Healthy couples disagree sometimes, respectfully and fairly. This means you don't call names. You listen to your partner. They listen to you. You both try to understand the other person's perspective. You compromise, or take turns in getting to influence important decisions.
People also change over time. In successful, enduring relationships, you need to be able to accept that your partner will probably change and develop over the course of the relationship. Hopefully you will also evolve. If you can't learn to be flexible, and make it safe and comfortable to be open with you about what they need, you partner may come to feel suffocated by the relationship.
Here are some tips for love among equals:
1. Encourage your partner to talk with you about their needs, thoughts, desires, and hopes (even if they are different from yours)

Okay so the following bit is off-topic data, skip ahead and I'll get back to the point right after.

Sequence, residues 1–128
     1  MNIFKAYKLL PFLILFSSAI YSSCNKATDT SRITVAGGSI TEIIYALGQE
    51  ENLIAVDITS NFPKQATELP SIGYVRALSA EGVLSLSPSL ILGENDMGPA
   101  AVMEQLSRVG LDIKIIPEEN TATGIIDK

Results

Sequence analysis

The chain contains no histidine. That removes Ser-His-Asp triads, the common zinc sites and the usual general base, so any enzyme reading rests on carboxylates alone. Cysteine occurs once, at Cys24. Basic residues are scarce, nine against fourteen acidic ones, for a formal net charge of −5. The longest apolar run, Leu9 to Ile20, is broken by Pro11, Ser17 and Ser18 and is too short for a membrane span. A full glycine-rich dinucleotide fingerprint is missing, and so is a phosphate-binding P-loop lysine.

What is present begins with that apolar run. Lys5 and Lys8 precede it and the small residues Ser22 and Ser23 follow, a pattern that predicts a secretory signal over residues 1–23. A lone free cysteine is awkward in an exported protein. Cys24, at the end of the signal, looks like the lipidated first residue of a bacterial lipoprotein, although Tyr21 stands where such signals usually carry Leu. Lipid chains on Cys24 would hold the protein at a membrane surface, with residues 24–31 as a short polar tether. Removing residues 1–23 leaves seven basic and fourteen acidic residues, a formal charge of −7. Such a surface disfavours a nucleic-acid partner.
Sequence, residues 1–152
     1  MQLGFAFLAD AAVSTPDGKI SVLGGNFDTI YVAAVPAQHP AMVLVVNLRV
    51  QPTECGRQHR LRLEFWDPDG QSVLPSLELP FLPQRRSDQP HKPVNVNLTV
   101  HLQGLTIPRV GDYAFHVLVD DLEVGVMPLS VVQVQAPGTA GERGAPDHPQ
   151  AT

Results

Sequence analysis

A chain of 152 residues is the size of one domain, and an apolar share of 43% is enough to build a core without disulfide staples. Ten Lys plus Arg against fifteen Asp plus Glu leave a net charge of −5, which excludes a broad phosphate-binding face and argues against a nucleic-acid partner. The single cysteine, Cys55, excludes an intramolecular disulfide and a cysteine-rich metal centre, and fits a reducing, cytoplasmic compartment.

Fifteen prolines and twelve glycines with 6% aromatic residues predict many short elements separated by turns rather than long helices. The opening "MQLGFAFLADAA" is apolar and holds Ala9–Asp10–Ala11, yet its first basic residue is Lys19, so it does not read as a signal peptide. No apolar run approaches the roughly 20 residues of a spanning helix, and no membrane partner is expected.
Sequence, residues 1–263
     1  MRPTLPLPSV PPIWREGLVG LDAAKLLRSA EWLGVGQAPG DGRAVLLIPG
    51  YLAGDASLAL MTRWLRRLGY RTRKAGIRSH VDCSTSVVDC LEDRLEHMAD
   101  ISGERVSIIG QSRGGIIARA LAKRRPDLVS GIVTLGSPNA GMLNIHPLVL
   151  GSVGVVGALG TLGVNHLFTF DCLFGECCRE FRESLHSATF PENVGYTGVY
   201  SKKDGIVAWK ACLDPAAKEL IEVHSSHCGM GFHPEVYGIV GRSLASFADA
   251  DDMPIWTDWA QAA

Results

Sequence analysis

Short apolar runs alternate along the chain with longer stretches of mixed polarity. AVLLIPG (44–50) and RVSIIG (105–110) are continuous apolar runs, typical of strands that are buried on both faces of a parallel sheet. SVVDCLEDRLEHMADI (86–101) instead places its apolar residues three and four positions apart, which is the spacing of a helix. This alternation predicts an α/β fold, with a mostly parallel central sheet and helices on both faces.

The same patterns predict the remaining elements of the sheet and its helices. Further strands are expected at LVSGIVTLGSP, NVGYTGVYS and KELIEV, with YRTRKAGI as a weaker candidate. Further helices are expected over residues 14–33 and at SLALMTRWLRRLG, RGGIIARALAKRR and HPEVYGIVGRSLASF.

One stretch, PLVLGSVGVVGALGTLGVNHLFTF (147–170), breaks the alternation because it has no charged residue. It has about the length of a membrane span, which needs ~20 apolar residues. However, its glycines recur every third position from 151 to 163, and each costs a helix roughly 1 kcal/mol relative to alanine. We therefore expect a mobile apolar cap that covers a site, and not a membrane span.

2. Celebrate the differences between you. Do some activities together, and some separate. (Happy couples also individuate. Think Paul Newman and Jo Ann Woodward: He raced cars, she was a ballet fan.)
3. Allow yourself and your partner to change and grow.
4. Listen as much as you speak.
5. Share decision-making with your partner- don’t dominate in how things are done, from holidays, to how money is spent, to travel plans, religious practice, and everything else.
6. Be open and transparent, and ask the same of your partner.
7. Support your partner's growth and development. Keep working on your own.
It's over for Katie Holmes and Tom Cruise's marriage.
Hopefully, they can work out a way to work to respectfully co-parent Suri, despite the marriage ending.
It's sad when happily ever after goes bust a short five years later. Women are more commonly the partner to file for divorce. These critical skills of sharing power and control, and cherishing the differences between yourself and the other person are among the best tools that couples have for a loving relationship that really works and grows over time. You want to love someone who is your equal, challenges you, and lets you be you. Your partner deserves all these good things, too. Happily ever after? Maybe it's love, honor, respect, and negotiate ever after.